As in the first variant, when using a bonding layer, it is also conceivable for the adhesive properties of this bonding layer only to be activated by softening the surface which is remote from the substrate body. Accordingly, the activation may be effected by thermal radiation, by ultrasound or by a solvent. The application of the conductive particles to the bonding layer may then take place together with the solvent. Of course, in this embodiment, it is also conceivable for the conductive particles to be pretreated with a solvent before they are applied to the substrate body.

There is no need to activate the adhesive properties of the bonding layer if the bonding layer applied to the surface of the substrate body has not yet cured and in the meantime the conductive particles have been applied closely together to the bonding layer. The fixing of the conductive particles is then ensured after the bonding layer has cured. The bonding layer could also have long-term adhesive properties or could consist of a permanently elastic material which does not cure, for example butyl.

It is expedient if the conductive particles are chemically or chemophysically matched to the metal layer which is to be produced.

Softening the bonding layer has the advantage of allowing good anchoring between this layer and the conductive particles. The anchoring can be promoted further if pressure is exerted on the conductive particles after they have been applied to the substrate body or the bonding layer. This can be achieved, for example, by exerting the pressure mechanically, for example using a roller.

The application of the conductive particles, particularly if they are metal particles, preferably takes place without oxides, under an oxidation-preventing atmosphere. However, it has emerged that metal particles are often already oxidized when they are applied to the bonding layer or the surface of the substrate body. However, the oxidation on the metal particles disappears again with the subsequent metallization bath and the metallization by chemical and/or electrodeposition means so as to form the metal layer, with the result that a metal layer with oxide-free metal particles below it is formed.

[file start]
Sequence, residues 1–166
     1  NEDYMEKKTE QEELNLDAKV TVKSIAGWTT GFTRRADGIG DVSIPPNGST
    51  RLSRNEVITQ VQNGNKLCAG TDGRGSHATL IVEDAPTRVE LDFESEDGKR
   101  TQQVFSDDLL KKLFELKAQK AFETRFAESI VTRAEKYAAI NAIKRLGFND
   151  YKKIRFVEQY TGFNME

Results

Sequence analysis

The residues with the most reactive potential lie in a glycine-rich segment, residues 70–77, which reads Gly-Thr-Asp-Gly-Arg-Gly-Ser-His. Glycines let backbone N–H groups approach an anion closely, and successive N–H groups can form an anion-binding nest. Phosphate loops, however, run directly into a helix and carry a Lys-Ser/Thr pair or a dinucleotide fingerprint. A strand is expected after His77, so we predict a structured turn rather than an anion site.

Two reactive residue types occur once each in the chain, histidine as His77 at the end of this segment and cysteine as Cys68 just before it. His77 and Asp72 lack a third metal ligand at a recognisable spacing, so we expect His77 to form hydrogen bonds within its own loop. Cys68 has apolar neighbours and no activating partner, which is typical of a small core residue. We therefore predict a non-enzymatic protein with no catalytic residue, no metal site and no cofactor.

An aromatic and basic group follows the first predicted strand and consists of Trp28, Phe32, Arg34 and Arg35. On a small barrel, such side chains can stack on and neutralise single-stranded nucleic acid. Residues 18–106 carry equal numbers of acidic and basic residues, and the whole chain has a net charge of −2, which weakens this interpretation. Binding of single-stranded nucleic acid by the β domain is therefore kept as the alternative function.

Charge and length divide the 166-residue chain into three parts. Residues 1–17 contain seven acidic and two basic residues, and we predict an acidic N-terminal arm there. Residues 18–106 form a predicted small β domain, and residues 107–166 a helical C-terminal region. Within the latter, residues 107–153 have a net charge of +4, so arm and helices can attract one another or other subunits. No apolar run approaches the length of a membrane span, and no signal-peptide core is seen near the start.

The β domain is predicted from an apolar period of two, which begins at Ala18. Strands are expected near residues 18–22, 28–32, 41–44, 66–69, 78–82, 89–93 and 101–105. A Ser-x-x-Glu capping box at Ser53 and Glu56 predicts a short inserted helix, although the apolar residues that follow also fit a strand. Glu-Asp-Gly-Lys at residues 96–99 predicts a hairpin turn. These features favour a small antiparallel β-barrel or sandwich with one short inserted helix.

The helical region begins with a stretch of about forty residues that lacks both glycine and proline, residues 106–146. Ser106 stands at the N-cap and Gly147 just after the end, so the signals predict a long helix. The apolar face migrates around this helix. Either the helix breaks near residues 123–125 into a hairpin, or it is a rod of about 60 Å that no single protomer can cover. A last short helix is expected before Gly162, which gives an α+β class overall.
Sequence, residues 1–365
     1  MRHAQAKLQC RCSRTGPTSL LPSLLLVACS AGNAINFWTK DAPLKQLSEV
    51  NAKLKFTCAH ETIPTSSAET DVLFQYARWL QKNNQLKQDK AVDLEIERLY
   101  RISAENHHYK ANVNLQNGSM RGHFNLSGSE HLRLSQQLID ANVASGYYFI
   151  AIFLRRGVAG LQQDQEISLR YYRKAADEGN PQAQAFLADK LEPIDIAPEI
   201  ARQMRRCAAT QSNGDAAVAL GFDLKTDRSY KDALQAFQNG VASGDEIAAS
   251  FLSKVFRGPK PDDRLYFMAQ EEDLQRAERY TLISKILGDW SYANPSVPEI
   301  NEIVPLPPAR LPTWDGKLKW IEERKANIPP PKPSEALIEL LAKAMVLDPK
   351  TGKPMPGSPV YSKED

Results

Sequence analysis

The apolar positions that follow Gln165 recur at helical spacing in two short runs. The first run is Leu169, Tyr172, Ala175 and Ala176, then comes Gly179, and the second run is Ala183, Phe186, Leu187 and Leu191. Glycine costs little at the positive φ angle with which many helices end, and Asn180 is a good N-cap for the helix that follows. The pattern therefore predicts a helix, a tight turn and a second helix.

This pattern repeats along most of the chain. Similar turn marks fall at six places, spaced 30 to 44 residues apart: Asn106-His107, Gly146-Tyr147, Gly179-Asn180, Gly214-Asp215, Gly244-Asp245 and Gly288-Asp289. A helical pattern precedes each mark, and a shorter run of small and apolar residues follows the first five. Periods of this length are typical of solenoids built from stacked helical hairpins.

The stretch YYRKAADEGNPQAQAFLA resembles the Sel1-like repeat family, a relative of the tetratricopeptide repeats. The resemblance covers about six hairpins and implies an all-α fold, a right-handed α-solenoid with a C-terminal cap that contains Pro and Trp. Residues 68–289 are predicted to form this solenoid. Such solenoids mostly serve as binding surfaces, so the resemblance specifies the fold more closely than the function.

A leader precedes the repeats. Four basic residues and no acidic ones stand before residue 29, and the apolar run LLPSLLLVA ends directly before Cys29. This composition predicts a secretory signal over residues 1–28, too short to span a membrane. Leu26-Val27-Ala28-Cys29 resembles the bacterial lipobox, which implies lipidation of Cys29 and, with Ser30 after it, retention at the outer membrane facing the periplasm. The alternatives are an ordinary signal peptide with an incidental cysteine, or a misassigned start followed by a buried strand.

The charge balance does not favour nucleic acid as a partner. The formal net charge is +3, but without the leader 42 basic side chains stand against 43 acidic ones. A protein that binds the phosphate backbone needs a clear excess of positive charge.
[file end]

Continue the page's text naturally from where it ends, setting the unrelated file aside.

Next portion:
The conductive particles which, by way of example, are in powder form may also be dissolved in a volatile substance (for example water or solvent) which can be removed subsequently, i.e. after application to the substrate body or the bonding layer.

As has already been explained above, the metal layer in the metallization bath is formed only where conductive particles have been applied to the substrate body or the bonding layer. This allows simple structuring of the metal layer, since the fixing of the conductive particles makes it possible to control the locations at which the metal layer is to be formed. On the other hand, this discovery means that the conductive particles should be close together, i.e. if possible should be in electrical contact with one another. If gaps are formed between the conductive particles when they are being applied, this does not cause problems provided that the gaps do not exceed a predetermined size, for example the mean diameter of a particle. Ideally, however, the conductive particles are applied in such a manner that the particles are in contact with one another.

The process according to the invention has the advantage that it can easily be carried out with relatively little outlay on equipment. Substrate bodies of any desired dimensions can be provided with a desired metal layer without problems, and the metal layer is securely fixed to the substrate body. For example, it is readily possible for one or more conductive metal layers, if appropriate consisting of different materials, to be applied to the substrate body. Structureless sheet-like metal layers can be used, for example, for motor vehicle rims or for elements which serve to screen electromagnetic radiation. Structured metal layers are used, for example, in electrical or electronic circuits, such as for example antenna coils for chip card inlays. Further advantages of the process according to the invention are low costs, on account of an additive process combined, at the same time, with high working speeds. The process can be used with only a small consumption of chemicals, and is therefore environmentally friendly. Extremely high reliabilities can be achieved on account of the intimate bonding between the metal layer and the substrate body. Furthermore, it is possible to use existing manufacturing installations, in particular with regard to the electrodeposition.